Koto Sanpo recently opened in the Brisbane CBD to much fanfare, garnering a flurry of interest from matcha lovers. We could not resist for too long either, being somewhat partial to matcha ourselves, so ventured into the city one weekend afternoon.
It is located on Elizabeth Street, at the beginning of a new laneway development, Fudo Dori. Just a little bit Melbourne, the intent is that this will be lined with eateries, bringing some buzz to the area. Only a couple of the eateries were up and running, but if the gathered crowd awaiting the opening of Koto Sanpo was any indication, the concept will take off.
Although the internet stated that the opening hours were 1130 to 2130, a standing sign in front of the entrance stated that due to busyness, they would be closed from 1530 and reopen at 1630. Clusters of people stood around the entrance expectantly, and as soon as a staff member came to remove the sign, the crowd converged to make their way in. It wasn’t in order of arrival, just whoever was closest to the entrance, which was disappointingly chaotic. People just sat down at whichever tables took their fancy, and all the tables were quickly occupied. We were fortunate to get seats, but it should have been better organised, with crowd control at the beginning.
Suspecting that it was not going to be all that well coordinated, we picked up menus as we made our way inside. This turned out to be fortunate, as there weren’t menus at the tables, and staff didn’t explain anything to us or even come up to us at all, although we overheard them telling patrons at another table how it worked (you have to go up to order and pay at the counter).
Koto Sanpo takes up a long space, that extends back further than you think. There was plenty of raw concrete used, forming the walls and ceiling. The floor was speckled polished concrete. Softening the look was an abundance of artificial greenery descending from overhanging ledges in the main seating area. Cozy little alcoves were moulded into the wall along one side, affording diners the sense of a bit of privacy, effectively making seating booths of their own. Glass windows along another section let diners look out into the laneway, so the space did not feel claustrophobic. Wooden tabletops and stools added a further touch of nature to the look.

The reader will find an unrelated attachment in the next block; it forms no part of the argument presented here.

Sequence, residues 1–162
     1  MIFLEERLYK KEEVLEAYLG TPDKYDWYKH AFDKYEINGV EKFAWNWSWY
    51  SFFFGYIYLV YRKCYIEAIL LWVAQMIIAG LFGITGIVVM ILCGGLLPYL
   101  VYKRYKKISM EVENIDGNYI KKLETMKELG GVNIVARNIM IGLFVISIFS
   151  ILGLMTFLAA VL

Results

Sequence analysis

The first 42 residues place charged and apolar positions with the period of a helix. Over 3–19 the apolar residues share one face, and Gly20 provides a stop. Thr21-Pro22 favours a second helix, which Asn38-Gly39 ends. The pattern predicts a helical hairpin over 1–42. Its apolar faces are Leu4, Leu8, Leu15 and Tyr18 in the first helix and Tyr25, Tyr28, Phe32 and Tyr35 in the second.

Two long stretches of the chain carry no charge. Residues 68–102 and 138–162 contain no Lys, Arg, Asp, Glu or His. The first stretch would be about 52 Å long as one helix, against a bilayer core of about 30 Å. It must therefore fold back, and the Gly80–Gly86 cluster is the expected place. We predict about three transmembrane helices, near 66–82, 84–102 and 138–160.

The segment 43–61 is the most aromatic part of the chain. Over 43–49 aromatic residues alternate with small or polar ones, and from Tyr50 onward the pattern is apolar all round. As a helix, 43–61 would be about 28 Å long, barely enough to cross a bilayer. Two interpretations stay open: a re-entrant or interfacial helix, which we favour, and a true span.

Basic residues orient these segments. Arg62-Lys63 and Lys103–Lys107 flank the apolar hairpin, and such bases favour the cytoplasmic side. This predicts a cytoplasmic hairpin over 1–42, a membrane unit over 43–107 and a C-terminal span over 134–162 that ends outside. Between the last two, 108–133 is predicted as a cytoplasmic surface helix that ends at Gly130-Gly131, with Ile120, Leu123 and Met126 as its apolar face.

The decor had a zen-like Japanese aesthetic. What we did also note though, was that despite that one hour break between service and us being in the first group of people to be seated after that break, the tables had not been cleaned down, and there were traces of leftover food still visible on the tabletops.
Although relaxing jazz was playing the background, the concrete surfaces trapped the noise, including that of screaming children, so it was not all that peaceful a setting. Cigarette smoke from people milling around outside also kept drifting in, so that it constantly smelled like smoke.
The menu was a hardcover lime green book that contained pages of drink options (mostly matcha, but also some non-matcha), savoury food, and desserts, with accompanying pictures to show what you would get. It was different from the menu available online, but there was still a good range of choices. It also contained some information and explanations, such as the name of the eatery, Koto Sanpo, meaning a stroll through Kyoto.